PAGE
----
National Weather Service Offices across South Dakota are using the week of April 24th to April 28th as Severe Weather Awareness Week. The National Weather Service will spend all five days outlining key ideas and features of summer time severe weather.
Today’s focus is on the age-old question of watch vs. warning. Beadle County Emergency Management Director Zach Nelson explains the difference:
Broken down in its most simplistic form, a WATCH means WATCH out, the chance to see severe storms exists. WARNING means a storm is happening or is likely to happen. What of the two words sounds worse? WARNING right? So take immediate action. Severe Thunderstorm Warnings should not be passed off as rain and noise. Thunderstorm straight-line winds can blow up to 80 miles per hour or more. Large hail will cause damage to just about everything. When you’re aware that a WATCH is posted for your county, that is when you should make preliminary plans to consider…”What would you do if a Warning is issued?” When a Watch is posted, find your blankets, bike helmets for the kids, flashlights, battery-powered radio, whatever you have in your emergency kits, get it staged and prepared just in case, while it’s calm and nice, so you don’t forget anything in the rush of taking cover if a WARNING is issued. When a WATCH is issued, you should be paying closer attention to the weather than usual, keeping an eye and ear out for possible warnings. One thing you may want to consider is a quality radar app for your smart device. That way you can track advancing weather systems in the palm of your hand.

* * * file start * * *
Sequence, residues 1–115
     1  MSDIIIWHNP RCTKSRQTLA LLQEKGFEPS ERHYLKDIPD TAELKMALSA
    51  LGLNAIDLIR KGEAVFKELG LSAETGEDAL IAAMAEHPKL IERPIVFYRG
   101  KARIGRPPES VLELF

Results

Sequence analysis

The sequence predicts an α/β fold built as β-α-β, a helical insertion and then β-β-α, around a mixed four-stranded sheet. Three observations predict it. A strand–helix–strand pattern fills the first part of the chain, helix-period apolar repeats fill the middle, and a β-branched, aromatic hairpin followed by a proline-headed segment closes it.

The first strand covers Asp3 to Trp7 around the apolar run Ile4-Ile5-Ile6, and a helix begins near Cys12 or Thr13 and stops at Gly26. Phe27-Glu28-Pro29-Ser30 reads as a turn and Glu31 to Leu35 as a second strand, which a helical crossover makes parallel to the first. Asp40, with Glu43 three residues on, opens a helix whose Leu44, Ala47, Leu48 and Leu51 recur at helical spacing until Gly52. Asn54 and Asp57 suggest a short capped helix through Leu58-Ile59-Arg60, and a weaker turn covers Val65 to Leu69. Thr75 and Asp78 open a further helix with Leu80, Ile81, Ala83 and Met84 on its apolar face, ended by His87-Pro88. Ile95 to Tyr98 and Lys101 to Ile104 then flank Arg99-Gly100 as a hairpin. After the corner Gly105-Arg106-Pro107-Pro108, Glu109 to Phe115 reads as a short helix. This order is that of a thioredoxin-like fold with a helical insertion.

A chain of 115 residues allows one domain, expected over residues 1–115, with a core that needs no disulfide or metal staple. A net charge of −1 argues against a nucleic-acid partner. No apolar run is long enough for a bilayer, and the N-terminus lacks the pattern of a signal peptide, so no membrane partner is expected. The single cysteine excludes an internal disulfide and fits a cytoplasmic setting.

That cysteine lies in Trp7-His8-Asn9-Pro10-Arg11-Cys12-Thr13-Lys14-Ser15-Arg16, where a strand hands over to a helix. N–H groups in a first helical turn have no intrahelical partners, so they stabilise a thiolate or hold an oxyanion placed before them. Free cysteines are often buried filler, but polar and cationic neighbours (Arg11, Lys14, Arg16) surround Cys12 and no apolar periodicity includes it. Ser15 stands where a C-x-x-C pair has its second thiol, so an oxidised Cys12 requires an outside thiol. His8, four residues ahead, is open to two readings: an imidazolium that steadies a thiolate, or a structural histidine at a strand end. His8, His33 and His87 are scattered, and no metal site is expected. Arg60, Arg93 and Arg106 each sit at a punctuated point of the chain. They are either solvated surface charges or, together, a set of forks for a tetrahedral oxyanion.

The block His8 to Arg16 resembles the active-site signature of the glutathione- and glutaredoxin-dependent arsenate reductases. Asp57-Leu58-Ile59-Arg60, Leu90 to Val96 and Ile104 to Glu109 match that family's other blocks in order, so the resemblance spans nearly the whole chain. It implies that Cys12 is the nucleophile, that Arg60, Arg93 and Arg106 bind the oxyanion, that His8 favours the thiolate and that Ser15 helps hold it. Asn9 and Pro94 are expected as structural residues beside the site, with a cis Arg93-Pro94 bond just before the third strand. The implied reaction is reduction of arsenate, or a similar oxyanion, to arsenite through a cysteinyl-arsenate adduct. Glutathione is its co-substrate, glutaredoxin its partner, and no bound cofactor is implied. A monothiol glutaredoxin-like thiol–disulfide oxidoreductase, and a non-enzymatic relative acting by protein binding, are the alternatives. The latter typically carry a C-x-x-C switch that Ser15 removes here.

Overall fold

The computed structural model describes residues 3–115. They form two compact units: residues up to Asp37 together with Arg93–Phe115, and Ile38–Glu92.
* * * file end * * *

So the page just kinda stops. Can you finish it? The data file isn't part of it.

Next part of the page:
As a part of Severe Weather Awareness Week, the National Weather Service will be conducting a statewide tornado drill on Wednesday April 26th. The tornado drill begins with a test WATCH at 10 AM. At 10:15 AM a test WARNING will be issued. At that time, tornado sirens will be activated across the county.